Nat Turner's Revolt
The History Cat Classroom
Nat Turner's Rebellion
Southern slave owners went to great lengths to convince people that slavery was not only not evil but was actually good! They used “scientific” arguments heaped in a whole lot of racism that said that Europeans were superior to Africans. They supported their views with verses are taken from the Bible like Ephesians 6:5 that read “Slaves, obey your earthly masters with fear and trembling.”
Of course, white preachers left out the stories of Moses and the escape of the Hebrews from slavery in Egypt. Africans, most whites believed, was a happy child-like race that was incapable of participating in government or being able to understand complex subjects like mathematics and science.
The planters argued that without slavery, black people would descend into chaos. And nothing scared the slave owner more than the thought that their “property” would straight up murder them in their sleep. This is why slave states kept such strict laws preventing slaves from meeting in groups. Big groups meant a chance for slaves to rebel. But in the summer of 1831, it only took 6 men to spread terror throughout the slave-holding south.
Nat Turner was a field slave on a Virginia plantation owned by Joseph Travis whom he described as being a kind master. Turner was a deeply religious man who believed in signs from God. In 1830, he began seeing signs all around him in the form of strange weather, solar eclipses, and atmospheric disturbances that made the sun appear bluish-green.
Turner took these signs to be a divine signal to rise up against slavery and spark a rebellion across Virginia. At 2 a.m. on August 13, 1831, Turner and 6 fellow slaves murdered the Travis family in their beds. They then moved on to nearby plantations gathering a small army of about 70 slaves. For the next week, Turner and his army went from house to house across Southhampton County killing a total of 55 whites and freeing slaves. To keep their actions secret they used knives, hatchets, and machetes.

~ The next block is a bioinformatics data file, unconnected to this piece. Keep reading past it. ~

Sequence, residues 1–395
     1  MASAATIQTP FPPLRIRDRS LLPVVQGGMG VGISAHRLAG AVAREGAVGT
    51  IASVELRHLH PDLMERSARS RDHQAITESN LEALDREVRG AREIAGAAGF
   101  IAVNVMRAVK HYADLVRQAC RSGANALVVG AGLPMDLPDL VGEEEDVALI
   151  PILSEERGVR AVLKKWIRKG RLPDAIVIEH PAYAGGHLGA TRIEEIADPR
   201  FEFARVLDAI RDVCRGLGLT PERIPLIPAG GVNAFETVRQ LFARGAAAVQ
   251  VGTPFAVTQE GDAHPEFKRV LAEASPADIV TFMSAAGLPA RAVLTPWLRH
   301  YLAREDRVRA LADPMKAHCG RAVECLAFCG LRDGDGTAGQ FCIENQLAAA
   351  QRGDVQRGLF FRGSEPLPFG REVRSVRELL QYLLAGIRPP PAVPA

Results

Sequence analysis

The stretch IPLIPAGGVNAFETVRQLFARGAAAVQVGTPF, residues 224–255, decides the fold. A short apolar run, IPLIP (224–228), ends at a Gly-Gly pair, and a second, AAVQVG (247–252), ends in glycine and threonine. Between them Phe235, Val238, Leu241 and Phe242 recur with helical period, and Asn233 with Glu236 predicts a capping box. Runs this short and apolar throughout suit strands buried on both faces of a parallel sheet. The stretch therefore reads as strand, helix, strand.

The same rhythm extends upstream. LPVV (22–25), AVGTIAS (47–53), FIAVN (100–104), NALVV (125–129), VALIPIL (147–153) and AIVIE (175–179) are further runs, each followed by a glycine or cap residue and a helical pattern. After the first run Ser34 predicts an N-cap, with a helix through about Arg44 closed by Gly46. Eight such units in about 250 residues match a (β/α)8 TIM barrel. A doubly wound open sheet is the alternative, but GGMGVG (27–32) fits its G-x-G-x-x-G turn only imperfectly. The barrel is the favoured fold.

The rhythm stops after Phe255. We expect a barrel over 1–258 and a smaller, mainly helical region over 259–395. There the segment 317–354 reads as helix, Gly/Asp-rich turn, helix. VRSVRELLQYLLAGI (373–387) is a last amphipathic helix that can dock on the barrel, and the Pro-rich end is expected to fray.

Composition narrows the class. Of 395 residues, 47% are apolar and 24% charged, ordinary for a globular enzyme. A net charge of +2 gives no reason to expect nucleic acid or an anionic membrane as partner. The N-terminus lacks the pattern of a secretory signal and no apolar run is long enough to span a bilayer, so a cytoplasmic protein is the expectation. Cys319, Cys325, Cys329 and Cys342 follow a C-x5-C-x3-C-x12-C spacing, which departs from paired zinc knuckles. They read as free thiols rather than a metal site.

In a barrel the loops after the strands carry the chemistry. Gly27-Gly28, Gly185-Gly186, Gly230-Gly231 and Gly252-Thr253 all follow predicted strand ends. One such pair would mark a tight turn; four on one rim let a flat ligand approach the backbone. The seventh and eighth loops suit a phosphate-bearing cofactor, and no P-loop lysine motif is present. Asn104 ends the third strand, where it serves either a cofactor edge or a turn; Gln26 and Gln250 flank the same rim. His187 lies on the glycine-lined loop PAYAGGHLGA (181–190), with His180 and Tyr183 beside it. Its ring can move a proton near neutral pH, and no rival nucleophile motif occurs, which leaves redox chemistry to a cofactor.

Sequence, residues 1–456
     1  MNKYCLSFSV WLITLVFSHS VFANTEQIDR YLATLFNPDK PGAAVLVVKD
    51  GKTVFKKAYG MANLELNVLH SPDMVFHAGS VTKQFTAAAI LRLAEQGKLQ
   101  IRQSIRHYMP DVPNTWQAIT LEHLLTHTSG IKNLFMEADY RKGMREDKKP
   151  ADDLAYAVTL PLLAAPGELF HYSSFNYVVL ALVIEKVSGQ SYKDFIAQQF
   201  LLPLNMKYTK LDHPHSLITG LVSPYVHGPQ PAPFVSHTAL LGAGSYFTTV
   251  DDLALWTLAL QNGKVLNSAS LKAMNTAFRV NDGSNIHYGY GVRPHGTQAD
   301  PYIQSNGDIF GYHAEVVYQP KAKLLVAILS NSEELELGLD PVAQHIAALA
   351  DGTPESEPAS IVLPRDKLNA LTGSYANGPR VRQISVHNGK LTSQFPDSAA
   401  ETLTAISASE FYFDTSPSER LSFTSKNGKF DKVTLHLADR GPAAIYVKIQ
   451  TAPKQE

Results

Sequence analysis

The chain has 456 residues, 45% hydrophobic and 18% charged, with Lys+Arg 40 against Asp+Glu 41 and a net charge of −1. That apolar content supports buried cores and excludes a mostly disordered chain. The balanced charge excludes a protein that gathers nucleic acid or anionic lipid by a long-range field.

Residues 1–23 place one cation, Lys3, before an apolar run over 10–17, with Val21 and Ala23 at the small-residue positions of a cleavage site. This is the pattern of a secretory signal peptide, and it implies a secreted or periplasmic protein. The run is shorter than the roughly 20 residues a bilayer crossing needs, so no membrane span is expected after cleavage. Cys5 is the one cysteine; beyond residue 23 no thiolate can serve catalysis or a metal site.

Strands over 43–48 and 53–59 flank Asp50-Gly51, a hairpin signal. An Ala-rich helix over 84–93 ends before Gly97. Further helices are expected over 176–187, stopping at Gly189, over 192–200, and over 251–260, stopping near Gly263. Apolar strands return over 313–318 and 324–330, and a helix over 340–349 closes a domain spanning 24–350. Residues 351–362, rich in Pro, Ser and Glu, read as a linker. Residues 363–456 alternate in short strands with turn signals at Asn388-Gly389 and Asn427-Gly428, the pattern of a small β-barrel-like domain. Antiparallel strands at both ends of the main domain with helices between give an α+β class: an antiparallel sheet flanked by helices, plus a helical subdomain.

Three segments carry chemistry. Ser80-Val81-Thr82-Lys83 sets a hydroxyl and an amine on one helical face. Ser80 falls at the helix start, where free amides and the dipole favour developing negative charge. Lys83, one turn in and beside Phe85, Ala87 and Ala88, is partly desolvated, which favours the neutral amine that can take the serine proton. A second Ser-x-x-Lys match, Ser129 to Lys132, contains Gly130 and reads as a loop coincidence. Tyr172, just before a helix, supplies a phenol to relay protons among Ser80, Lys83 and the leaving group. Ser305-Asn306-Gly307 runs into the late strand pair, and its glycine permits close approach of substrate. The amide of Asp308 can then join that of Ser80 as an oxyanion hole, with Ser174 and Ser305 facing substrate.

Within hours, militias had been formed supported by three artillery units and the USS Natchez and USS Warren. The rebels were hunted down, captured, and beheaded; their severed heads were placed on pikes along the main highway of Southampton County as a grisly warning to any future slaves who thought of rebelling. Turner himself managed to escape capture by hiding in the nearby swamps.
The rebellion lasted only 48 hours but the terror spread far and wide. Rumors began to circulate in communities in North Carolina and as far south as Alabama that armies of slaves had been spotted on the local highway and was massacring white people.
Of course, none of these rumors were true but that didn't stop militias in those states from attacking "suspicious" blacks. Over 200 innocent black men and women were murdered by mobs in the weeks after Turner's rebellion. One Virginia newspaper spoke out against the violence: "the slaughter of many blacks without trial and under circumstances of great barbarity."
What became of Nat Turner himself? He managed to evade capture for months by hiding not more than a few miles from the Travis farm. Eventually, Turner was discovered hiding in a woodpile. He was arrested, tried and on November 11th, 1830. He was hanged and skinned. The Nat Turner rebellion was over.
Why it Matters
The thing that most whites feared the most was coming true. Of course, Nat Turner wasn’t the first slave to revolt – and he wouldn’t be the last – but his revolt was the most deadly. Turner and his men were rounded up by the militia and mobs of angry whites and they were executed. Nat Turner’s rebellion freaked out planters who were already paranoid. 600 slaves and free blacks were attacked by hysterical white mobs. Many free blacks had to flee the state. Meetings of slaves and free blacks were prohibited and even church services of slaves had to be given by a white preacher. To many whites who were quick to believe racial prejudices, Nat Turner confirmed that blacks could not live peacefully with whites. Of course, slave owners did not blame themselves for creating a system that held people against their will.
Inspired by the French Revolution, slaves in the French colony of Saint Dominique (Haiti) rose up and from 1791-1804 revolted against their white masters. Thousands on both sides died.
American slave owners became increasingly
terrified their turn was coming.